How to order: Pre-order full-sized mooncake Gift Boxes online (until 8/28) via Hotplate for pick-up in Oakland or San Jose, or shipping throughout California; pre-order mini mooncakes for pick-up or delivery via Pastel.
Daly City, Dublin, Milpitas
Another established spot for dim sum and Cantonese seafood also offers seasonal mooncakes gift boxes. The Luxury Seven Stars Reunion Mooncakes box features one full-sized traditional Lotus Seed Paste Cake with double egg yolk, surrounded by a circle of colorful, mini mooncakes with oozy lava centers like chocolate and ube.
How to order: Pre-order online for pickup or national shipping.
While the Vietnamese American chocolate company started by two sisters had already established itself as an early purveyor of Asian American fine chocolates, the pandemic spurred a Mid-Autumn Festival innovation of mooncake-inspired chocolates. Back again this year and hopefully every year, three types of boxed sets are available, including the 2022 Mid-Autumn Collection gift box that features six types of exquisite chocolates, including Mango Pate de Fruit with fish sauce, a Vietnamese floral gin with dark chocolate ganache, and a chrysanthemum and honey-infused mix of dark and milk chocolate ganache. The Mooncake Chocolates box actually has tiny pieces of egg yolk in each chocolate, with fillings ranging from lotus seed paste to ube.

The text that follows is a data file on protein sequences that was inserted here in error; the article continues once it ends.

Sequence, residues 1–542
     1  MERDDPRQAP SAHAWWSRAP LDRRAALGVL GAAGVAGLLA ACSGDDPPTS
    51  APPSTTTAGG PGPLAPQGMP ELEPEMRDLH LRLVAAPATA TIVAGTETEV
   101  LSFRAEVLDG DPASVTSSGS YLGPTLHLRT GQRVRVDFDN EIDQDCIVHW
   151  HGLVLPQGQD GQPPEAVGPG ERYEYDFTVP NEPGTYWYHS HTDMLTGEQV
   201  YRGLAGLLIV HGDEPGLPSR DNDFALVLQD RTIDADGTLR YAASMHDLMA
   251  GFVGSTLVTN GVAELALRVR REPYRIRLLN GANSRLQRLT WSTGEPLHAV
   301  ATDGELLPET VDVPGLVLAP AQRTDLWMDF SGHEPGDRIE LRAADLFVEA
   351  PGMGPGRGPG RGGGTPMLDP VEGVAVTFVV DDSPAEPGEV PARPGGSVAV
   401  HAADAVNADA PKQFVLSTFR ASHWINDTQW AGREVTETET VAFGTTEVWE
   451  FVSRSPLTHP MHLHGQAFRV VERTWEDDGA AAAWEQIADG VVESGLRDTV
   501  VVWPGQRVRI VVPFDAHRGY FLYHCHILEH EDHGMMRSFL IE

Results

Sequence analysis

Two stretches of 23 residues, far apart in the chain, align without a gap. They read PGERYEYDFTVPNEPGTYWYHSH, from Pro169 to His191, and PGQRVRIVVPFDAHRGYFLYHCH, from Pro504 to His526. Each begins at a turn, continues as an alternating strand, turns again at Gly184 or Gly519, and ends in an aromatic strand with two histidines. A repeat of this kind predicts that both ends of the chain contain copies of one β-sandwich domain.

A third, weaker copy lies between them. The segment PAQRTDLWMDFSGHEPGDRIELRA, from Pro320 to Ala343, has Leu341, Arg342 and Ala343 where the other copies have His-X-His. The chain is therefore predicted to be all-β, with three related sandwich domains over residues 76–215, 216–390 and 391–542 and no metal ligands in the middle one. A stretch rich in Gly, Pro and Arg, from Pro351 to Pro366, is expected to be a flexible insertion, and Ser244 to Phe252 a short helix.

How to order: Pre-order from the full selection online for shipping on August 30 or September 6. Pre-order for pickup or Bay Area delivery with a limited menu via Pastel.
Making mooncakes is a labor-intensive, but fascinating process. Learn to make the trendy translucent snowskin ones alongside friends or family members in this mooncake-making class hosted by BiteUnite. Each person will end up with a dozen mini mooncakes to take home.
How to order: Book a September class online for $120.
All over the Bay Area
While SF is notoriously anti-chain, the Asian bakery chains know what’s up, and roll out their Mid-Autumn Festival goods with a practiced precision across their locations. Sheng Kee offers some unusual mooncake flavors like mulberry and lychee. 85 Degree has both Cantonese and spherical Taiwanese-style mooncakes, including a signature savory-sweet Dong-Po flavor filled with walnuts, pork floss, red bean, mochi, and egg yolk. Kee Wah, established in Hong Kong in 1938, has Bay Area locations that offer low-sugar and pineapple mooncakes, plus piggy biscuits made from leftover dough. Online, order from Hong Kong’s Wing Wah, whose mooncakes are popular for their mild white lotus paste filling. Many mom-and-pop Chinese bakeries sell their own mooncakes, too, like Napoleon Super Bakery and iCafe in Chinatown, and Cherry Blossom Bakery in the Ingleside and Richmond districts.
All over the Bay Area
Don’t discount the old-school mooncakes from Asian grocery stores.They tend to have preservatives in them, if you care about that sort of thing, but are reliable and usually come in gorgeous tins or gift boxes adorned with detailed portraits of Change’e, the immortal Moon Lady, or the rabbit on the moon. Aside from the 99 Ranch chain, Richmond New May Wah Supermarket in the Inner Richmond District is a solid Chinese grocery store, and Costcos in the Bay Area are also a sure bet for mooncakes this time of year. A popular brand to try is Maxim, when available.